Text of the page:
THE INDEPENDENT VOICE OF THE VISUAL ARTS
by K.A. Letts
It’s spring 2021—masks are off, and we are all eager to put a big, emphatic period at the end of our pandemic sentence. Yet the scars of 2020 remain; prolonged isolation has forced many artists into an existential reexamination of their priorities and assumptions. With his solo show of figurative painting—appropriately titled “The End”—Detroit painter Justin Marshall joins in.
In his artist statement, Marshall says, “I do not recognize this country anymore, the ideals I believed I grew up with are gone and it seems as though they will never return. In retrospect I find that this is a driving force in the subject matter of my paintings.” His investigations, now at the member-operated gallery Public Pool in Hamtramck, MI, include two contrasting bodies of work that consider death, the decline of 21st century capitalist models, and the ephemerality of celebrity, all viewed in the light of recent collective trauma.
Three of the most formally satisfying artworks in “The End” tell the story, through cityscape, of social and economic transition in a city that once aspired to greatness but now struggles merely to survive.
The foreground of Andy’s Market features a frequently seen automotive artifact of Detroit. The blue Chevrolet Impala from the 1970s, carefully preserved and lovingly personalized, is a visual testament to the care and persistence with which Detroit’s inhabitants combat the forces of entropy constantly threatening the physical integrity of the city. This resistance to decay is not without cost; surrounding the car are skillfully painted signs—“411-Pain,” “Need Cash”—along with the usual invitations to self-medication. They leave the hardships of daily life in 21st century Detroit in no doubt. The light is flat and affectless, and the sky is gray. In spite of the lively visual incident in the painting, Andy’s Market is devoid of human presence.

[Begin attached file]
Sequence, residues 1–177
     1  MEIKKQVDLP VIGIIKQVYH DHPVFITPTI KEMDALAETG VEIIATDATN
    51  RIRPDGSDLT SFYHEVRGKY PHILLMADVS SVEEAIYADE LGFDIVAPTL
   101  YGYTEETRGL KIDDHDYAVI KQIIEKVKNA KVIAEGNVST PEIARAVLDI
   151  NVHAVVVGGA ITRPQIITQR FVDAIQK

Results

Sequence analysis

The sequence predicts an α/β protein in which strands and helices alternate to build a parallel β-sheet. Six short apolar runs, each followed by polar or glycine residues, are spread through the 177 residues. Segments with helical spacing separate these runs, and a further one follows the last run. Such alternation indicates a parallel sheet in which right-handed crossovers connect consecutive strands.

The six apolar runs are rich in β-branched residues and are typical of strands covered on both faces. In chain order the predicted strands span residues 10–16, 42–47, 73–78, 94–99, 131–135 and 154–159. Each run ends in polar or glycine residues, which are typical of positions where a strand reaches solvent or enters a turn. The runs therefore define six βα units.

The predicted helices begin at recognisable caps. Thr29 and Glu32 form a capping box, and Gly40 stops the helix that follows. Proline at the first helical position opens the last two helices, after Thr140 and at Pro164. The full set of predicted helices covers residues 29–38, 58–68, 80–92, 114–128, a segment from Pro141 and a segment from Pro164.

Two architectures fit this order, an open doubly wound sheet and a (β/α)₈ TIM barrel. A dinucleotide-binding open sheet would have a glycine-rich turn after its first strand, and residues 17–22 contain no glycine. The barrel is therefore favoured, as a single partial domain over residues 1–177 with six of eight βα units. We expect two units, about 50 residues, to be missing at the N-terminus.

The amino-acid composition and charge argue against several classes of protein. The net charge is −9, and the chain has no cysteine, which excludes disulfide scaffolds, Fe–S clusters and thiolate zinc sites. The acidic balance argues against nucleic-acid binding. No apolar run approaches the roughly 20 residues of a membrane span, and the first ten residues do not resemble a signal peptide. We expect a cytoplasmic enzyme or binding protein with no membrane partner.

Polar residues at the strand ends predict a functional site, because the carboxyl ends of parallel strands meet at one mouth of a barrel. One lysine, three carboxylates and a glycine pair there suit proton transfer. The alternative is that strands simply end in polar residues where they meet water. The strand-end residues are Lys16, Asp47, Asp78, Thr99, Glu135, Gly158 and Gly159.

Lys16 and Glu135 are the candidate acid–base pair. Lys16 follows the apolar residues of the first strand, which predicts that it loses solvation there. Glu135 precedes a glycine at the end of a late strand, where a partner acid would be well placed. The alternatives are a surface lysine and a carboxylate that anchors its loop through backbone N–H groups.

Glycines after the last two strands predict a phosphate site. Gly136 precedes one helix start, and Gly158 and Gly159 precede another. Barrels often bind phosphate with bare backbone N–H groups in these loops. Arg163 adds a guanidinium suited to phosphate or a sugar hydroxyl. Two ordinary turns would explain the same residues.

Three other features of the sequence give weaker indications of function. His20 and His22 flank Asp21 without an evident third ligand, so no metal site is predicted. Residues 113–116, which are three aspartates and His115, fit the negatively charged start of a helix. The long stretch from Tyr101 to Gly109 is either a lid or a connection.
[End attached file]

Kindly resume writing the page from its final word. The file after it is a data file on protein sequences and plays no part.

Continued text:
This desolate mood is recapitulated and amplified in Speedy Greasy, which captures the empty sweep of the streetscape, populated only by automobiles. Leafless trees peeking over the top of the buildings suggest empty lots behind the commercial strip, the bleakness of the deserted scene somewhat mitigated by the cheerful yellow of the building’s façade and signage.
Occupying a central location in the gallery is Jay Dee’s Mart. Though similarly titled to Andy’s Market, this painting presents a subtle emotional contrast. Under a clear blue sky, a grand, classical block of a building—possibly a former bank—has been converted to a new use appropriate to modest present-day needs—the grand capitalism of the past yielding to the small-bore economic activity of a poor neighborhood. The elegant Greek columns have been freshly overpainted in the green, black, and red stripes of the pan-African flag, while the pattern surrounding the threshold of the building, a modified version of Buddhism’s endless knot motif, has been only partially refreshed in black and red and hints at a change in the ethnicity of the ownership.
Jay Dee’s Mart encapsulates a common urban story of ethnic transition in the city’s population and economic status over time. That this is a typically American story is emphasized by the American flag hanging on the side of the building. Even though no humans are visible in the painting, the door of the market is open, and there is an open container to the left of the entrance. What the grand architecture has lost in former dignity it gains in the implied vitality of renewed economic activity
Justin Marshall, Three Tates, 2020, acrylic, aerosol and flocking on canvas, 3@24” x 24” each. Photo: K.A. Letts.